Startup Financing: Venture Capital vs. Business Loans

Businesses fail all the time… The saying’s a cliché at this point, but nonetheless, it’s the truth. The economy is getting better, of course, but it seems a lot of businesses still have a problem staying afloat in today’s day and age…

And why do so many business fail you may be asking…

Well, according to a recent US Bank study, more than 80% of todays’ businesses fail because of cash flow problems. And you have to keep in mind that cash flow doesn’t just meant the amounts of money that are coming in and out – you also have to take timing into account.

But that’s not the only financial problem young entrepreneurs are facing these days…

Trouble Obtaining Enough Financing

This is definitely a big problem for a lot of businessmen out there. According to a recent NSBA survey, roughly 27% of businesses claim that they weren’t able to receive the funding they needed to expand their business operations and even get their business off the ground in the past.

For those 1-in-4 startups, the lack of funding usually prevented them from growing their business – especially for female- and minority-owned businesses, but that’s a story for another day. It also left some of them unable to finance manufacturing and forced them to lay off some of their employees.

How Much Startup Capital an Average Business Needs?

So we’ve discovered that companies often fail to gather enough money to get started – but the question now is – how much money does an average small business need? Well, answer to this depends on who you ask… There are in fact two different surveys with very different answers to this.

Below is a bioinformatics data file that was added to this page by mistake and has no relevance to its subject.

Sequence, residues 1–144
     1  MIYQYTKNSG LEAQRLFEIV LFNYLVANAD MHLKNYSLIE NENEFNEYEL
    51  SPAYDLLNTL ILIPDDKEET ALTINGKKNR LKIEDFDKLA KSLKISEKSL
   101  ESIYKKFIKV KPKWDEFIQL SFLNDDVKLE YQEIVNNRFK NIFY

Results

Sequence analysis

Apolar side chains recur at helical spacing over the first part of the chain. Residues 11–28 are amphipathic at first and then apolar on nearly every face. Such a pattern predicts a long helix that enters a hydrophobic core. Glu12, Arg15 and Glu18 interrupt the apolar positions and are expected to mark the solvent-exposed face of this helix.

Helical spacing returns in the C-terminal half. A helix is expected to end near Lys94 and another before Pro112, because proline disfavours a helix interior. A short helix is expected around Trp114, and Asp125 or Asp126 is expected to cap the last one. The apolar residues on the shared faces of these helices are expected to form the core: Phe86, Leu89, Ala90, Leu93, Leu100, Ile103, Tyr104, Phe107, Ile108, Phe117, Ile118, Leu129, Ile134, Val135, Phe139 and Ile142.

On one side, we have the Wells Fargo Small Business Index, which suggests that the average amount of money startup needs is only around $10.000. On the other hand, a recent Kauffman Firm Survey suggests that the figure is much larger – eight times larger, to be exact.

So What Are Your Options?

Now, when it comes to financing, venture capital usually gets all the attention, seeing how it’s the most popular way of financing a business, by far. For modern entrepreneurs, debt funding – or business loans – sounds rather old-fashioned, and even out-of-date, at best…

At worst, people view it as the last resort for those who can’t raise venture capital on their own. In reality, business loans don’t deserve the rep they have and both types of capital have their own advantages and disadvantages,

The choice largely depends on your company’s maturity, cash position and of course, your business goals. So let’s take a look at both VC and BL in order to help you see which one will suit your company the best…

●      Venture Capital

If you’re running an expanding, scalable company, venture capital should be a good option for you, because this way of financing is definitely not meant for your local mom-and-pop shops out there. In order to become a candidate for VC, your aim needs to be to build a multi-million enterprise one day.

So let’s assume that that’s your aim, here is when VC works: